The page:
It is only fitting, with the resurgence of the Browns, that on the day the city of Cleveland and the team celebrated their selection as host city of the 2021 NFL Draft, a blustering storm passed through the region before giving way to blue skies and sunshine.
Radio voice of the Browns Jim Donovan called it a "perfect fit" on what was a picture perfect day in downtown Cleveland. Cleveland Mayor Frank Jackson, Cuyahoga County executive Armond Budish, and Greater Cleveland Sports Commission president and CEO David Gilbert joined Browns executive vice president JW Johnson, general manager John Dorsey, cornerback Denzel Ward and former return ace Josh Cribbs in Public Square to celebrate the successful bid to host the NFL's largest offseason event.
"I think it's a direct tribute to the fans of the Cleveland Browns and the city of Cleveland and all of the hard work David and his group have done," Dorsey said Thursday.
A key of Cleveland's presentation was the passion of its football fanbase, and also its history as the birthplace of professional football. Brown and orange-clad fans streamed into Public Square for the event, hosted by Destination Cleveland with the Browns, and played cornhole and threw footballs through tires while also enjoying free tailgate food choices and beverages. If anything, Thursday's turnout served as an example that the NFL made the right choice, and that Cleveland will turn out in droves for the draft in 2021.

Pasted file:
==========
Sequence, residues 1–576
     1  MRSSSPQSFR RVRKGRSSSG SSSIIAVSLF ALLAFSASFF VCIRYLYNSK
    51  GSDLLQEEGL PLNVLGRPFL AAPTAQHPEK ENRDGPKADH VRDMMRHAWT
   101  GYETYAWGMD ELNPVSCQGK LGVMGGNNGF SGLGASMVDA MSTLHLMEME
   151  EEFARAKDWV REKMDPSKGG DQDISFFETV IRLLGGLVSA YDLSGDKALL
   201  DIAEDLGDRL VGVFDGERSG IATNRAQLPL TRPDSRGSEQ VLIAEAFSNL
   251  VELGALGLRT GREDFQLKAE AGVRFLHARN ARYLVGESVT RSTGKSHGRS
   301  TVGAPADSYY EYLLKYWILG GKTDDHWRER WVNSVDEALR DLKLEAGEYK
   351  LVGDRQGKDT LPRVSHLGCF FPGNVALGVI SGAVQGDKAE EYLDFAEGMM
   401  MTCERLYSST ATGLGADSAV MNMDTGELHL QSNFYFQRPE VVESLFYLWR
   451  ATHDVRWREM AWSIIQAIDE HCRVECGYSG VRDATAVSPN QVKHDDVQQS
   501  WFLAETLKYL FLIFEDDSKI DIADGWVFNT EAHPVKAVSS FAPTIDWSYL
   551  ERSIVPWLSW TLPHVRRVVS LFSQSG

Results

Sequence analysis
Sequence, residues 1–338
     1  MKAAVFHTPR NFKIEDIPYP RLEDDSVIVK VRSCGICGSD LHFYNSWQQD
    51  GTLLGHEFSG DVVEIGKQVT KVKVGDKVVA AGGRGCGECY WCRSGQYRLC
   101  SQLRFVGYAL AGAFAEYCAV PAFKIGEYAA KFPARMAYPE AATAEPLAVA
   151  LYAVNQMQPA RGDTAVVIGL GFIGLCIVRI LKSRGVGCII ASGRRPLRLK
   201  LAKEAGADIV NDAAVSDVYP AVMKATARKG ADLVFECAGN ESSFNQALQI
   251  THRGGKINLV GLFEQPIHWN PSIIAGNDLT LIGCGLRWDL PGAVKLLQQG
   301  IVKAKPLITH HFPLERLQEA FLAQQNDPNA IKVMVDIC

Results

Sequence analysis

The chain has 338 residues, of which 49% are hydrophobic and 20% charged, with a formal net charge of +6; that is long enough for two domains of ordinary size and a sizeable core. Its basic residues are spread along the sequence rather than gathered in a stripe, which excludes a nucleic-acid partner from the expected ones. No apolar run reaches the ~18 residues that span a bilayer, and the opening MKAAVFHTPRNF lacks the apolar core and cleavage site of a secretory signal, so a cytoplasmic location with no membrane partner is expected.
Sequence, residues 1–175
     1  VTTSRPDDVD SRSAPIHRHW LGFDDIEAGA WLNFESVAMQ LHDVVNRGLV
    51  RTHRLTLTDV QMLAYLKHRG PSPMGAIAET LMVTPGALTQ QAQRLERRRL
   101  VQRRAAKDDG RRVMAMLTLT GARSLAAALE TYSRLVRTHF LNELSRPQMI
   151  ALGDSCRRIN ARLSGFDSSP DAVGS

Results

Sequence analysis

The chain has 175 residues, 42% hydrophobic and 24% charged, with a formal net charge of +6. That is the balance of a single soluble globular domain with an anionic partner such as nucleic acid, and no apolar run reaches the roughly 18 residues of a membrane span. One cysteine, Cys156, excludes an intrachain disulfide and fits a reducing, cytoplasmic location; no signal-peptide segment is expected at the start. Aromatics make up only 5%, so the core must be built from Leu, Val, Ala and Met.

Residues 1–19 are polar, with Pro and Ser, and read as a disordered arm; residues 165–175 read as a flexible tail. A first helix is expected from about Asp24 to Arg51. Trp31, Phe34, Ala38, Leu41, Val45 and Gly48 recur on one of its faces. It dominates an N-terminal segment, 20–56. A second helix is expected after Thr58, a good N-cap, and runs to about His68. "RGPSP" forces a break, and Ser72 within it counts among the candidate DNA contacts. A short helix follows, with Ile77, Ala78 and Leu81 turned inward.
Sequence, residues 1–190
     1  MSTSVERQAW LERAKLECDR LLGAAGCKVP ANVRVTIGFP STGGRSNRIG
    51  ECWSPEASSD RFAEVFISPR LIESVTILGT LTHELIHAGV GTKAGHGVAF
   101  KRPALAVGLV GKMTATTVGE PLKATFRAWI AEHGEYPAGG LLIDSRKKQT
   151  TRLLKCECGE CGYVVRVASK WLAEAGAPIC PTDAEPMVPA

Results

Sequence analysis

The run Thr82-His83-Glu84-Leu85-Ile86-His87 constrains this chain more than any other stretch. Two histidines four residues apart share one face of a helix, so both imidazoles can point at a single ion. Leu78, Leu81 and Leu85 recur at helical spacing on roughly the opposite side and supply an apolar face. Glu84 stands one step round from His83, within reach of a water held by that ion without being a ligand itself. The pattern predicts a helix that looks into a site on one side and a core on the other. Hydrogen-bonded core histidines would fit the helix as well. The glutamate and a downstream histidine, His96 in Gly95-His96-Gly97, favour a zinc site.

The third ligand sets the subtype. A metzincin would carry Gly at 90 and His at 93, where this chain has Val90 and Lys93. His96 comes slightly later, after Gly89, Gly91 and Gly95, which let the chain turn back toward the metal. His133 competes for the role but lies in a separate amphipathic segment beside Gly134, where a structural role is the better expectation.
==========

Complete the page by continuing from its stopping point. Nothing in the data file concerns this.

Check out photos from the sixth day of OTA practices
"Attracting these kinds of events like the draft, most importantly, should make Clevelanders proud," Gilbert said. "We deserve to get this."
The 2019 NFL Draft drew 50 million viewers and filled the streets of Nashville with thousands of fans, a type of attendance that should be expected in Cleveland in 2021, especially if the weather cooperates.
"To get to where it is now, it shows you the growth of the National Football League and where it's gone,” Dorsey said. “Now they've taken this venue and they now move it to city to city to city ... the economic impact to the city, it's pretty important."
Ward was invited in part because of his own roots, being a Nordonia High School product who played at Ohio State and proudly claims Cleveland as his home. He said had he been drafted in a year in which the event was held in Cleveland, it would've added extra meaning to what was already an unforgettable achievement in his life.
"This is where I'm from. It means a lot," Ward said of the city securing the 2021 draft. "I'm from Cleveland, I take a lot of pride in being here from Cleveland and that's why I can get back into the community and do a lot of things."
In the meantime, the Browns have plenty of football to play before 2021 arrives. The 2019 season will come with great expectation, to which Dorsey advised fans "don't believe the hype." But as Thursday showed, the hype surrounding Cleveland cannot be slowed. After all, it has already led the NFL to the city perched along Lake Erie.